ESPN’s Zach Lowe might have put it best on his Lowe Post podcast while discussing Embiid’s all-star case:
“I love watching Joel Embiid play. Love it. He’s unbelievable. If he stays healthy — knock on every piece of whatever material that is within arm’s length of you — he is going to be a superstar for a long time. He’s missed 10 games and he plays on a minutes restriction. He should not be in the All-Star Game.”
Already, Embiid has produced some almost unthinkable statistics for Philadelphia. Per Basketball-Reference, he’s averaging more points per 100 possessions in his first season than Michael Jordan did. As in No. 23. As in His Airness. As in The G.O.A.T.
ESPN put out another telling stat regarding Embiid’s impact. He ranks second-best in NBA history in rookie points per 36 minutes (28.0), trailing only Kansas legend and hall of famer Wilt Chamberlain (29.2).
Those numbers hint at Embiid’s potential for longterm greatness. However, such examples might not matter to NBA media and players, who, as Lowe pointed out, will most likely take their all-star selections far more seriously than fans, because — right or wrong — sometimes after players’ careers are over their cases for the Hall of Fame can be tied to all-star appearances. So Embiid’s array of highlight blocks and dunks might not be enough to get him in as a starter.
If Embiid doesn’t crack the East’s starting five, he would have to secure one of the seven reserve spots, as chosen by the NBA’s coaches (results announced Jan. 26 on TNT). The same factors that will work against the rookie with players and media might hurt him even more with the coaches. Do enough of them respect Embiid as much as they do other more established players whom they’ve played against and game-planned to try and stop for longer?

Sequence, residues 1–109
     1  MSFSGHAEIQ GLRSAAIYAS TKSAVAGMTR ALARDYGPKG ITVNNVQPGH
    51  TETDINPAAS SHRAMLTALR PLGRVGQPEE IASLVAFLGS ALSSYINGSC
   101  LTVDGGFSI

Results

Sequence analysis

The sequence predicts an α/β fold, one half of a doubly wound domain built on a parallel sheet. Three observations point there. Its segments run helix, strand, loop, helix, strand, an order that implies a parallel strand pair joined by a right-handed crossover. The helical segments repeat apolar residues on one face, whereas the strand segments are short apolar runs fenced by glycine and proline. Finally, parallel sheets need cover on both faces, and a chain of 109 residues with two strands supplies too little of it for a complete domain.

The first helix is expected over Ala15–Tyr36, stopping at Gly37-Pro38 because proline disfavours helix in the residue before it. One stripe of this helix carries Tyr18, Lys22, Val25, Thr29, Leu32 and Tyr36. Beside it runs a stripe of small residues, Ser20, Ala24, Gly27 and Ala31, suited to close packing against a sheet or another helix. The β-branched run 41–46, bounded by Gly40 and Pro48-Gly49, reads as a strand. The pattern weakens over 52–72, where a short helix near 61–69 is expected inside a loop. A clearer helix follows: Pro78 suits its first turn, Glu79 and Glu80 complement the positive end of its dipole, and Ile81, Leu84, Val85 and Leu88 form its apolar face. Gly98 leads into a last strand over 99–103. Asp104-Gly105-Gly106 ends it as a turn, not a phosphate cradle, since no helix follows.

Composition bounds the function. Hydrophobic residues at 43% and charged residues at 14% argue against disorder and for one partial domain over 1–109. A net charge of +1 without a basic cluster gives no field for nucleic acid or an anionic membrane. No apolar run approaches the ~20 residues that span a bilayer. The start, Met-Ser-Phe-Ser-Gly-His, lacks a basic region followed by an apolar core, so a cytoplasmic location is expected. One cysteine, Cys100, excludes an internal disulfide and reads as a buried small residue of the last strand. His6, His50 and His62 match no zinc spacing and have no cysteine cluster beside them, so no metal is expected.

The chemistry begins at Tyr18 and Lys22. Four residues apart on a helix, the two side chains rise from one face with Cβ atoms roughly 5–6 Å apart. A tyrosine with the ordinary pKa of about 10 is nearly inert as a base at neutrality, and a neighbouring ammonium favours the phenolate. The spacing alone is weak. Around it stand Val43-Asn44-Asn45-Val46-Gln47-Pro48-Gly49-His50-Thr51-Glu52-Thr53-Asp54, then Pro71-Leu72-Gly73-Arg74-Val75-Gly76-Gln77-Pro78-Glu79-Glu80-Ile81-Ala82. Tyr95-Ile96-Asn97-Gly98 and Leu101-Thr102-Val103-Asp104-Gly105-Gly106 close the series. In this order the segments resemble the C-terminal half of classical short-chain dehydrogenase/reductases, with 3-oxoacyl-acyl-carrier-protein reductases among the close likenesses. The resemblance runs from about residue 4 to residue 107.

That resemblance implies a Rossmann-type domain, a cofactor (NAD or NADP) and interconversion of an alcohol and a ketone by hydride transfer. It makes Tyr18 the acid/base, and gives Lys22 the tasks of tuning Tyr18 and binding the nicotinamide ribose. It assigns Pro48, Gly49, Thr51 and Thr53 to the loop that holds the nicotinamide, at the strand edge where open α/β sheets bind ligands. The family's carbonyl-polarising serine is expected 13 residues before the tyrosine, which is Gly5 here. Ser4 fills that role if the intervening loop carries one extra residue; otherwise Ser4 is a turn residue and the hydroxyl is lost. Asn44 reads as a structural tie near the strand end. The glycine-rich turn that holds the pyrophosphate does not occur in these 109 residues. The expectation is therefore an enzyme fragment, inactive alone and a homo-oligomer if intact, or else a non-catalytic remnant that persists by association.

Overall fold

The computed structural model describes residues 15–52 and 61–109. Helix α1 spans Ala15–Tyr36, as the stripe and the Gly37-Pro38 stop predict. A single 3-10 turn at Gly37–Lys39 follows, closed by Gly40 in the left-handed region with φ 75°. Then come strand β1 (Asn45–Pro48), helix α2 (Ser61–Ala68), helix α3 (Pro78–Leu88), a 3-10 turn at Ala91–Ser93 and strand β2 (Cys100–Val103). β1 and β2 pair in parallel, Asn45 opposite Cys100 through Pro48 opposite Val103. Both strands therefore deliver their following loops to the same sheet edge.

Let’s say, as an example, the East starting five matches the latest fan-voting totals. The starters would be James, Antetokounmpo, Love, a third Cav in Kyrie Irving and first-year Chicago Bull Dwyane Wade. The way coaches vote for the all-star backups, they can take two guards, three frontcourt players and two wild cards. As mentioned earlier, Butler, Anthony, Porzingis and George would be Embiid’s competition for those frountcourt spots. And if the coaches prefer them, or perhaps even Milwaukee’s Jabari Parker, landing one of the final two spots could be difficult, too.
The number of all-star caliber guards in the East is greater than the number of available reserve spots for perimeter players. If Irving and Wade start, the coaches would still have Toronto’s DeMar DeRozan and Kyle Lowry, Boston’s Isaiah Thomas, Charlotte’s Kemba Walker and Washington’s John Wall from which to choose. It seems a fairly safe bet that four of those five will make it.
If Embiid isn’t a first-year all-star, he will still be a headliner in the Rising Stars Challenge (a showcase for first- and second-year players) at all-star weekend. And, let’s be honest, the way his game is progressing — or is that processing? — Embiid looks like a player who will be a no-brainer selection for years to come.